7. Fflambeau—I won’t address the performance. I wasn’t at the concert, just part of the dress rehearsal. But you also know nothing about Bach’s own performances. Bach wrote the piece for essentially 9 singers: four concertists in each ensemble for a total of 8, plus one ripienist who sang the chorale tune in the opening chorus and in the last piece. That was one singer. Bach (as was normal for the time) had no distinction between the choir and the soloists—the soloists together were the choir. The same for Telemann and their contemporaries. Sometimes a weak singer would have an added ripienist in the more fully scored parts of the piece (sometimes Bach would double a part with an instrument for the same reason). But generally this music was performed one person per part. In all of Bach’s cantatas 11 have four ripieno parts. Ripieno parts were usually written on a half sheet of paper and just include part of the opening chorus and the chorale at the end. They are clearly labeled, for example “Soprano in ripieno.” While we’re at it (just because it’s a pet peeve of mind, and you didn’t bring it up) the “fermatas” on the ends of lines of chorales aren’t fermatas isn’t the sense of holding notes; they just mark the ends of the lines. And they didn’t have subdivided meters (while I’m typing I might as well type…). Also, sermons in Bach’s time were very long. An hour would be average.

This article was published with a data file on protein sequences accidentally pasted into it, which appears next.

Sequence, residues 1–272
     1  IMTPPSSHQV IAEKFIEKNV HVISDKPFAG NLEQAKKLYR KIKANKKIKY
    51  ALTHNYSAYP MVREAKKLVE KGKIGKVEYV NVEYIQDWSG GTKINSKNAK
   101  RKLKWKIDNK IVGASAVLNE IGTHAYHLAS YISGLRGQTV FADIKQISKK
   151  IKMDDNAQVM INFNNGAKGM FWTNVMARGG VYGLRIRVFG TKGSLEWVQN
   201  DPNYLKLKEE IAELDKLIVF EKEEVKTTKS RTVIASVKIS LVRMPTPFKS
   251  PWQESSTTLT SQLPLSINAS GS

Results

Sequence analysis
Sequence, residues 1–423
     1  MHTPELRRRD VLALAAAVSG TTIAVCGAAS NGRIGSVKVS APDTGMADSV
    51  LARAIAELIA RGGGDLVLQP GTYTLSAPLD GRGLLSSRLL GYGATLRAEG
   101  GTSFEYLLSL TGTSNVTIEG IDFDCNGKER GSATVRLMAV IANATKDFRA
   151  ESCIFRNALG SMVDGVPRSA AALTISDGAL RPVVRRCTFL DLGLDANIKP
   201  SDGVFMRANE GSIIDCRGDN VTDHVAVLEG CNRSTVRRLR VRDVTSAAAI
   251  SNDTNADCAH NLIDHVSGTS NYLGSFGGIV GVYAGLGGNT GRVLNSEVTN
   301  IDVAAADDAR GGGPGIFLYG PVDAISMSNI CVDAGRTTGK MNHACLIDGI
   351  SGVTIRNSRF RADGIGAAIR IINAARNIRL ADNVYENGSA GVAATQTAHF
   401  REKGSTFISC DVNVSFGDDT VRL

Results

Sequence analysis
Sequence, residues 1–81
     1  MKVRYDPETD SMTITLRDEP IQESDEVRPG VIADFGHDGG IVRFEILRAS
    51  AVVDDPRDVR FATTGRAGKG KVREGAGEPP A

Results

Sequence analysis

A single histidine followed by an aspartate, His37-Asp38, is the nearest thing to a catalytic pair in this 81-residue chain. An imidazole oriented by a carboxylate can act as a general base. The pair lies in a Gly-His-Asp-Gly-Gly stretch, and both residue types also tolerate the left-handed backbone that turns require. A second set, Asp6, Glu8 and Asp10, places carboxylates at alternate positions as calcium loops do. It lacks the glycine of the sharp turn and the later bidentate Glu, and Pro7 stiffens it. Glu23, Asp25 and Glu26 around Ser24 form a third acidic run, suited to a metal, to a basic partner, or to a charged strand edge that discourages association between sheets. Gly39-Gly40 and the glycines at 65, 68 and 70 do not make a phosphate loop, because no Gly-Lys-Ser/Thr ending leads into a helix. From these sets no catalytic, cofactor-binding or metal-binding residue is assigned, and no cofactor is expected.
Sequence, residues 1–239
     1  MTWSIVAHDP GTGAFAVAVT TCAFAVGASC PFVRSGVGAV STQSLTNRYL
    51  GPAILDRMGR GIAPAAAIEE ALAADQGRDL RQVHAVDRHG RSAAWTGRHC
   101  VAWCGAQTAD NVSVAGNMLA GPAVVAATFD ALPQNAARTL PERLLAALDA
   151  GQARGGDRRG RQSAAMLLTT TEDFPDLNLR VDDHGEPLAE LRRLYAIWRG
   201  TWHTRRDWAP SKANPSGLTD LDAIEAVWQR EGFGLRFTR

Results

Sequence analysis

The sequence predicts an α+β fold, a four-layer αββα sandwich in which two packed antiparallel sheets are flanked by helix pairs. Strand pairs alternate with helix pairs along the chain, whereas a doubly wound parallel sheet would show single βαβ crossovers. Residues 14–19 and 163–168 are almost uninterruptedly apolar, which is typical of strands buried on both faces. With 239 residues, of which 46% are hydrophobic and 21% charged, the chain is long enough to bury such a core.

Comment by Jeanne Swack — April 25, 2018 @ 2:24 pm

    • I’m sorry but everything I have read about the St. Matthew’s Passion contradicts you. All sources indicate that Bach wrote for two choirs and two orchestras: plus he wrote arias for specific characters such as Jesus.

      As an example, this is from Tom Huizenga and Deceptive Cadence:

      “Bach built his Passion from choruses both small and large, and arias for specific characters such as Jesus, Judas, Peter and Pontius Pilate. The Evangelist, a role for tenor voice, is the principal storyteller, moving the drama along through through a kind of half sung, half spoken recitative. Supporting Bach’s massive structure are three grand choruses — at the beginning, middle and end — standing as tall pillars, holding up the surrounding music.